Five Obstacles to Happiness (and How to Overcome Them)

Mindfulness can help us maintain our well-being in the face of difficult situations.

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“You’re making Daddy late for work!” I said, standing over my then-three-year-old daughter with the winter coat I was insisting she wear. 

“No! I’m not wearing it!” Celia screamed. My anger surged. Thoughts of “I’m sick of this” and “She’s doing this on purpose” swept through my mind. I was scheduled to conduct a 9 a.m. parent training therapy session, and her resistance would make me late. Ironically, it was on “mindful parenting.”

Mindlessly, I pressed my agenda. Understandably, she pushed back. “NO!!” she yelled, dropping rag-doll-style to the kitchen floor. 

I lost it. Bending down nose to nose with her, I yelled: “Celia! Put on your f&@#ing coat!”

She froze. I jammed the coat onto her, led her to the car, buckled her in, and drove to daycare. My daughter, usually chatty, was notably silent. Me? My cheeks burned red with the shame and self-doubt of a man completely convinced he was a “horrible father.”

And then, from the serene calm of the backseat, my daughter spoke up. “But daddy?” she asked. 

“What, Celia?” I expected the usual request for a snack, or for me to flip on her favorite Mickey Mouse songs. 

“But, daddy, I don’t want to wear my f&@#ing coat.” 

Whether you’ve ruminated over a fight with a loved one or avoided work by taking a not-so-sick day, you’ve fallen prey to a negative habit of mind that is keeping you stuck and miserable.

If you’re a parent, you may recognize yourself in this story. But let it soak in that I’m not only a dad, but also a child and family psychologist and a mindfulness author. Let yourself feel a bit better for all of your own angry, self-doubting, anxious, avoidant, or compulsive reactions to difficult circumstances. It happens to all of us.

Even if you’re not a parent, you still have your own moments of surging thoughts and emotions leading to highly reactive and “unskillful” behavior. Whether you’ve ruminated over a fight with a loved one or avoided work by taking a not-so-sick day, you’ve fallen prey to a negative habit of mind that is keeping you stuck and miserable.

In my new book, The Five Hurdles to Happiness, I describe five problematic and reactive habits of mind (or hurdles) that were originally identified in ancient contemplative and meditative traditions, and I explain how they affect our happiness, peace, compassion, clarity of mind, and effective action. Though these habits evolved for important reasons—to keep us safe from danger, for example—many of us find them less than useful in our modern world, where they can wreak havoc on our well-being.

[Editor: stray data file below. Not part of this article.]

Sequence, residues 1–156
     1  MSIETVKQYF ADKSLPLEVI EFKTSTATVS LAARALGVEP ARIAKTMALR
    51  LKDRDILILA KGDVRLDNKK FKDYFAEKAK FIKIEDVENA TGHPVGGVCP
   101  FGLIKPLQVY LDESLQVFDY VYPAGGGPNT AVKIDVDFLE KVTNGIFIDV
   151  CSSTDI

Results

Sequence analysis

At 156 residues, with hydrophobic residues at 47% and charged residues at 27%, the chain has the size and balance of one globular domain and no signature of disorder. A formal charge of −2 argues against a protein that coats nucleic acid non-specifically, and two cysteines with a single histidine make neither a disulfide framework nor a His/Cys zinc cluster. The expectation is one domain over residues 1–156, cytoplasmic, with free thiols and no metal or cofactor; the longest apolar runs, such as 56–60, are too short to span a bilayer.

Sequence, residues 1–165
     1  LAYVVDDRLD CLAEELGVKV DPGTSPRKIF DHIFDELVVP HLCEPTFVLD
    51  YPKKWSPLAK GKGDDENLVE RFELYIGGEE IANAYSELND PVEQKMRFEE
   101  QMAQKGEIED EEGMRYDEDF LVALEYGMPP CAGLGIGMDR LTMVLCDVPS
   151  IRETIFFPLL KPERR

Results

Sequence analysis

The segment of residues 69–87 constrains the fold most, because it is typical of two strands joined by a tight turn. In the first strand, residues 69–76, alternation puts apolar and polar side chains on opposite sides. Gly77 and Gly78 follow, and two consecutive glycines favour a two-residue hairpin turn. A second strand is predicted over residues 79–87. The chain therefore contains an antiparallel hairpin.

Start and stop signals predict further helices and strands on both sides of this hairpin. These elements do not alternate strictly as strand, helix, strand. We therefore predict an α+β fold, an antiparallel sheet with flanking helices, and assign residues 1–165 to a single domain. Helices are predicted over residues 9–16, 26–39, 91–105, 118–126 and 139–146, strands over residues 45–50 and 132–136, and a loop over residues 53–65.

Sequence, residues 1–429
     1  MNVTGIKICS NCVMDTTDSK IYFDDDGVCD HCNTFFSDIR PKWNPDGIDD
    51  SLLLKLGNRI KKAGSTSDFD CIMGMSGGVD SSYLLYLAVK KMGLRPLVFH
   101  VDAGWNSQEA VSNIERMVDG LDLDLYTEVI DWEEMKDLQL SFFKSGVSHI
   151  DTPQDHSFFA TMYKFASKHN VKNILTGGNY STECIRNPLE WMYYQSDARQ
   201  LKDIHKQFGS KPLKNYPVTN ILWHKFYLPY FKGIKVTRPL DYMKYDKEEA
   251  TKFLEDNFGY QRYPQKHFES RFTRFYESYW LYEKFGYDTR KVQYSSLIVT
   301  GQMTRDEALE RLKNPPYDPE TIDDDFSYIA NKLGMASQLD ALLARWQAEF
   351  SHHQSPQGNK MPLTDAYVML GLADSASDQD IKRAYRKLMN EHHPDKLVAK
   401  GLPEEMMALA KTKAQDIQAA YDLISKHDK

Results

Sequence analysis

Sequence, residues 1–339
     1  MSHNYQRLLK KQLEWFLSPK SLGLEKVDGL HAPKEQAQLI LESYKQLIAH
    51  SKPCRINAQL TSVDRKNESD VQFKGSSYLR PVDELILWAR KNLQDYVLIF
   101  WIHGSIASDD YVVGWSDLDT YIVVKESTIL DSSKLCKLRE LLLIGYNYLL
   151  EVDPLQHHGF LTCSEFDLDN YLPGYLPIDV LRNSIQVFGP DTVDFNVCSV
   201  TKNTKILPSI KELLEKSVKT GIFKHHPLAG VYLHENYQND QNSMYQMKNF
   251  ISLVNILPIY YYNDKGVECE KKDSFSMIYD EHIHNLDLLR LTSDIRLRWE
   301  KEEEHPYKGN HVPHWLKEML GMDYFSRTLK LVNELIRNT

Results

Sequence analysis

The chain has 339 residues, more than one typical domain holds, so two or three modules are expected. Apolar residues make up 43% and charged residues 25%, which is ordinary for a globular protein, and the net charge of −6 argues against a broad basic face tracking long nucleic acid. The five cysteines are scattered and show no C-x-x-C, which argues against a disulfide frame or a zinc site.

The Five Hurdles to Happiness

So, what are these five hurdles to happiness? Here is a brief description of each, with examples of how they can become obstacles in our lives.

  1. Desire: craving for pleasurable experiences of people, places, or things. Desire for pleasure is completely normal. It’s compulsive craving that leads to excessive costs to our effectiveness and, in extremes, to the impairments and perils of addiction. For example, 8 percent of U.S. adults have experienced an alcohol use disorder at some point in their lifetime.
  2. Aversion: anger, frustration, and hostility when we perceive life circumstances “shouldn’t” be as they are. We all get irritable and frustrated with daily life from time to time—it’s natural to want to “push away” from aversive situations (and people). The problem is how toxic anger can be to our relationships, and even our physical health.
  3. Mental fatigue: the clouded, dull, sluggish state of mind that saps our concentration and ability to see others, the world, and ourselves clearly. We all “zone out” on occasion. But when our minds regularly tune out the world around us because it’s unsatisfactory in some way, then we pay an unnecessary cost. According to the National Health and Nutrition Examination Survey, 26.5 percent of individuals in the U.S. over the age of 16 report feeling unrested during the day, with 25 percent reporting difficulty concentrating.